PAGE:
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Your Resume: A Marketing Tool
By Emily Sanderson
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I studied journalism as an undergraduate, a field that emphasizes identifying the audience to which one is speaking when writing a piece. For example, many local newspapers throughout the country are written to a fifth-grade-level audience, but the Wall Street Journal and New York Times write to a much more advanced level of education. Not only do such newspapers use bigger words and more complicated sentence structures, but the content of their articles is geared not just to inform but to provide information for individuals to build upon and to apply to concepts discussed in their own businesses or communities.

The field of marketing takes identifying an audience to the next level. Advertising, a subset of marketing, can actually raise hairs on the backs of necks, get blood pumping faster, and enlarge the pupils of eyes. There are laws against encoding subliminal messages into advertising and marketing materials, but we have all seen mattress commercials that led us to doze into ethereal whirls of comfort — even if it was just for 30 seconds. But perhaps reclined in our not-so-comfortable chairs or sofas after a long day's work, we are receptive to the messages of such a commercial, especially if we are in the market for a new mattress.

Could a resume trigger such strong emotion in a potential employer? That's what we hope for. Potential employers live in the same world we do — although they probably read the Wall Street Journal over the Daily Gazette, they see commercials on TV, and hear them on the radio, and they have gotten jaded over the years just like the rest of us. They want to know that the characteristics promised by someone or something will actually deliver upon investment, and this is especially true in reviewing resumes. They are looking for subtle signals throughout the resume which will give them a better idea that the candidate is for real.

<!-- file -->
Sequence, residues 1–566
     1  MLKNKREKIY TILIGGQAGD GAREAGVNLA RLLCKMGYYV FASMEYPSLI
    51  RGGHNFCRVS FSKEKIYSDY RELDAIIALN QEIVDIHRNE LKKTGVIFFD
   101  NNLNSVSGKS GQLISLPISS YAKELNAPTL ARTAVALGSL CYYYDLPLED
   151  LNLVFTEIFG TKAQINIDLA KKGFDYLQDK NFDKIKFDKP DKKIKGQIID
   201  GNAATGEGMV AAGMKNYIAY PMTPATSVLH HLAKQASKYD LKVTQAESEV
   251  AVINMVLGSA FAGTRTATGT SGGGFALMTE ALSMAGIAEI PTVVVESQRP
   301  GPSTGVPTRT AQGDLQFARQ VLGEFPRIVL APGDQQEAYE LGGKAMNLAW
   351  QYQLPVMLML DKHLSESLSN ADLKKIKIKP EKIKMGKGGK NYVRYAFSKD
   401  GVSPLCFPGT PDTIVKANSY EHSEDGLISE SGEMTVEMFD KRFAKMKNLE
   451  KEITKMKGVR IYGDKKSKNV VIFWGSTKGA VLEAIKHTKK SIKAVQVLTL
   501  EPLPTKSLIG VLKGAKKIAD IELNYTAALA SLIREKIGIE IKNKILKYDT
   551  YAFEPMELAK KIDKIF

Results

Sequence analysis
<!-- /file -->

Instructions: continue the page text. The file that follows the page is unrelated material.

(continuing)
We hold a significant amount of emotion regarding the documents we maintain called resumes. But remember: your resume is only a communication device and not your identity or a measure of your worth. The job of your resume is to get you a first interview. It is in that interview and subsequent visits that both candidate and potential employer will be able to determine a fit.

Many potential employers go through many resumes, and many resumes are biographies or snapshots of individuals' careers instead of being geared to the specific needs of a potential employer. A resume is a vehicle through which an initial match can be discovered between a candidate (you) and a potential employer. Especially if you are making a career change, your goal should be figuring out, first, what experience and skills you have that potential employers are looking for and, second, how to present that information in the most attractive and easy-to-process form possible.

Some of the information you would include in a career-focused resume may not be in your present, more general resume, so take the time to review all of the skills you have gained from different work environments, and package these skills in a way that will emphasize them through the use of a chronologically or functionally formatted resume, a statement of qualifications, and a strategically written cover letter.

First impressions can be everything in a resume, and if we exhibit confidence and charm, often a slight punctuation error will be overlooked. Confidence can be won when we know what skills and experience we have that make us marketable and we also know how to relay that information in an effective manner. Some of us are stronger in speaking with people than in producing a document with the same information, and others of us are just the opposite. Take advantage of job coaching and resume writing services to assist you in your career search.

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